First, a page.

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USC coach says Josh Shaw could return to team after bogus story

Josh Shaw #6 of the USC Trojans celebrates after returning a blocked punt for a touchdown against the California Golden Bears during the second quarter at California Memorial Stadium on November 9, 2013, in Berkeley, California.

Thearon W. Henderson/Getty Images

LOS ANGELES - Southern California coach Steve Sarkisian says he shares blame with the athletic department for publicizing cornerback Josh Shaw's bogus story about injuring his ankles while saving his nephew from drowning.

Sarkisian also said Thursday that the suspended Shaw could "potentially" return to the Trojans at some point this season.

The first-year coach also says Shaw still hasn't told the Trojans exactly how he sprained both of his ankles last weekend.

Shaw admitted his story was a lie Wednesday in a meeting with USC officials, but offered no explanation. Shaw was accompanied by attorney Donald Etra, who says Shaw's injury involved no criminal activity.

The university quickly acted after Shaw admitted the fabrication and suspended him from team activities indefinitely.

Shaw had said that he leaped from a second story balcony in order to save his nephew from drowning in a swimming pool, breaking both ankles in the process.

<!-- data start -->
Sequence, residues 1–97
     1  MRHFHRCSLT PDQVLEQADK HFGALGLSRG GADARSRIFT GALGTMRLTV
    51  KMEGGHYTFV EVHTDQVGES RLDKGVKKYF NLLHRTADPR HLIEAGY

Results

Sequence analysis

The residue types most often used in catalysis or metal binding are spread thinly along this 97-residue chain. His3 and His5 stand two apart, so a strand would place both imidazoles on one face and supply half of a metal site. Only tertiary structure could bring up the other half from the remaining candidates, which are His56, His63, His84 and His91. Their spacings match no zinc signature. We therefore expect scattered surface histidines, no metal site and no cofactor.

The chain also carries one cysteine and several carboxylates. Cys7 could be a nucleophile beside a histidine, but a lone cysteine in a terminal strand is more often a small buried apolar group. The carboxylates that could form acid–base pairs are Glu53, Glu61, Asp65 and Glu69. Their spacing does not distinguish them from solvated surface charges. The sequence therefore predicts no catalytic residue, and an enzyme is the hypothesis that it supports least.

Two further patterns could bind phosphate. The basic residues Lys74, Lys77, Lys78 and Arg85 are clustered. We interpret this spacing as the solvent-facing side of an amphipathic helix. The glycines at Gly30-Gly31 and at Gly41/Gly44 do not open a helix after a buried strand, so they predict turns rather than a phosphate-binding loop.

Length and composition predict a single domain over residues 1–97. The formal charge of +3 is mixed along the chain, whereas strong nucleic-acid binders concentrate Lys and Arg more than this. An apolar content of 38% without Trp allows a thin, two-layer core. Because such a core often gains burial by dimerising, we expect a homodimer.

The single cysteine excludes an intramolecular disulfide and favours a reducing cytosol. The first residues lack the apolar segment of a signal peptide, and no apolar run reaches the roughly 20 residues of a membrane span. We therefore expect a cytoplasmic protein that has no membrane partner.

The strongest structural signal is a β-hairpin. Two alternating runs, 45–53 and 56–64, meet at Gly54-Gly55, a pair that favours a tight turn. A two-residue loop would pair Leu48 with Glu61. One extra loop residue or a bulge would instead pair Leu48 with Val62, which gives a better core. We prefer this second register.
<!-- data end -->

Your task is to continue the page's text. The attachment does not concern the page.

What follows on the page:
Meanwhile, the LAPD says around the same time Saturday night, they responded to a possible burglary call at a downtown apartment building, where a man, fitting Shaw's description was seen outside on the balconies of the Orsini Apartments, CBS Los Angeles reported.

The woman living there, not realizing what happened, was given the man's description by police which matched her boyfriend's, which happens to be Josh Shaw.

Los Angeles police and USC have launched separate investigations into the case.

Shaw released a statement apologizing for what he had done.

"I made up a story about this fall that was untrue. I was wrong not to tell the truth. I apologize to USC for this action on my part," he said.

Sarkisian says USC's decision to publicize Shaw's tall tale "had as much to do with me as anybody else."